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Birches: Loneliness, Love, and Desire to Achieve
Robert Frost uses the poem Birches to illustrate his personal experience about three things through the bending of the trees. The three things are loneliness, love, and desire to achieve.
Frost's description of loneliness is provided immediately after he first refers to himself with his specific description in Line 20. There he states "I should prefer to have some boy bend (the birches)". He describes the loneliness of his youth lifestyle writing that he was a boy on a farm "too far from town to learn baseball Whose only play was found in himself". The most exciting thing to do for him was the swinging of birches. His attempts to "conquer" loneliness were demonstrated through the vehicle of the birches. Frost goes on to describe perhaps the most valuable lesson he learned as a child trying to overcome loneliness, the lesson of "practice makes perfect". Frost states "He always kept his poise to the top of the branches climbing carefully with...pains...Then he flung outward, feet first, with a swish kicking his way down through the air to the ground." He learned here that there are times in life when you will conquer a situation and then be done with it. Then you will fly away joyfully knowing you have conquered it.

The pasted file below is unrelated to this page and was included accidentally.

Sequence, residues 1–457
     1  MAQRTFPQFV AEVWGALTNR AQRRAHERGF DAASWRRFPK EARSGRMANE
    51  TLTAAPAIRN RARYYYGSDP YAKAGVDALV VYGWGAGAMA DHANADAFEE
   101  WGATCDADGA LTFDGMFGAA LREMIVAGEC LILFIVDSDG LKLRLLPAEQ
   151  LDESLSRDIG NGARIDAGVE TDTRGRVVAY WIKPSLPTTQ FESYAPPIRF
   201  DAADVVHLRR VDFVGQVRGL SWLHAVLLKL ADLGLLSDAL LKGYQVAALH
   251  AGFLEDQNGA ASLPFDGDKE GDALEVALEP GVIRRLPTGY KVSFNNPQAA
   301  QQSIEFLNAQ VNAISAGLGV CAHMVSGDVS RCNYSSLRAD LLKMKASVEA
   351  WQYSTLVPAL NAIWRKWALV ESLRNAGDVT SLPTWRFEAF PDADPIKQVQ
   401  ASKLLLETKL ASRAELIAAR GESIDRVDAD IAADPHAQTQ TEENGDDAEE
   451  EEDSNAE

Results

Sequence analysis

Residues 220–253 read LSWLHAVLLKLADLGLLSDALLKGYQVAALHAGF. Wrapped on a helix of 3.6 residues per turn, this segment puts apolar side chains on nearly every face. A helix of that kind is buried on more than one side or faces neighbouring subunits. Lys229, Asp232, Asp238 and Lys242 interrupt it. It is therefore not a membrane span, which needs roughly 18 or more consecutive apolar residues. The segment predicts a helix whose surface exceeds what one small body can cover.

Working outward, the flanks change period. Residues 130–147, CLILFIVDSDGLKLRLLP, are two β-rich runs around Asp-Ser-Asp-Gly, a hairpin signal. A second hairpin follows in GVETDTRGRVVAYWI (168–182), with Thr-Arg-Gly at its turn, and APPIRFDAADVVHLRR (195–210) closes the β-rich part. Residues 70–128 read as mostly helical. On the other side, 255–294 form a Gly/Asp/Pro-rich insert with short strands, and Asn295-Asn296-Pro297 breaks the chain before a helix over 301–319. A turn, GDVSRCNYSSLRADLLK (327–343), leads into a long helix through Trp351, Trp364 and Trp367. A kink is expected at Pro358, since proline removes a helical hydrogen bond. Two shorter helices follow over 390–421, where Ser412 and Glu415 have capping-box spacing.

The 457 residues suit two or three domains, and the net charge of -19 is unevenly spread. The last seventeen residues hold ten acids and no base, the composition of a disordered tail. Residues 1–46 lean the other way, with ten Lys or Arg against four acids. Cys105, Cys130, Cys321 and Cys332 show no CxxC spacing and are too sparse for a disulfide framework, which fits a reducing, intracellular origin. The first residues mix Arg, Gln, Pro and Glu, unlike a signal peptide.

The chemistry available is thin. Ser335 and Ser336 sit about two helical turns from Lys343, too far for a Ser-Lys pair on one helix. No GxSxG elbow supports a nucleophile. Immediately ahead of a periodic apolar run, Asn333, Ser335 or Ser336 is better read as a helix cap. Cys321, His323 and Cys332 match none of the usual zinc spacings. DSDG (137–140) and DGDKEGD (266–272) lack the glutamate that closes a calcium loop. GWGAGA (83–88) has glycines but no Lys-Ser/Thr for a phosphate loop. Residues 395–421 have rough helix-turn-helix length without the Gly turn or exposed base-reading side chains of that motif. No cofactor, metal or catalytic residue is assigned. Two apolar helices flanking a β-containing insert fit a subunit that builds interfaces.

Love is one of those situations. Frost has apparently been hurt by love before stating "I'd like to get away from earth And then come back to it and begin over. May no fate willfully misunderstand me And half grant what I wish and snatch me away Not to return." Apparently his heart has been ripped away by a lost love. He may think this is because he submitted vulnerably to her. If he had a chance to do it again, he might not submit himself so much to the next thief. However, he definitely has the desire to achieve love.
His desire to achieve is described when he states how he would like to achieve love. Frost states "I'd like to go by climbing a birch tree, And climb...toward heaven (the top or ultimate of his desire, be it love or something else) till the tree (or the world) could bear not more, But dipped its tip and set me down again.
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Frost ends his poem stating his satisfaction with overcoming loneliness and love and benefiting from the desire to achieve by writing, "One could do worse than be a swinger of birches".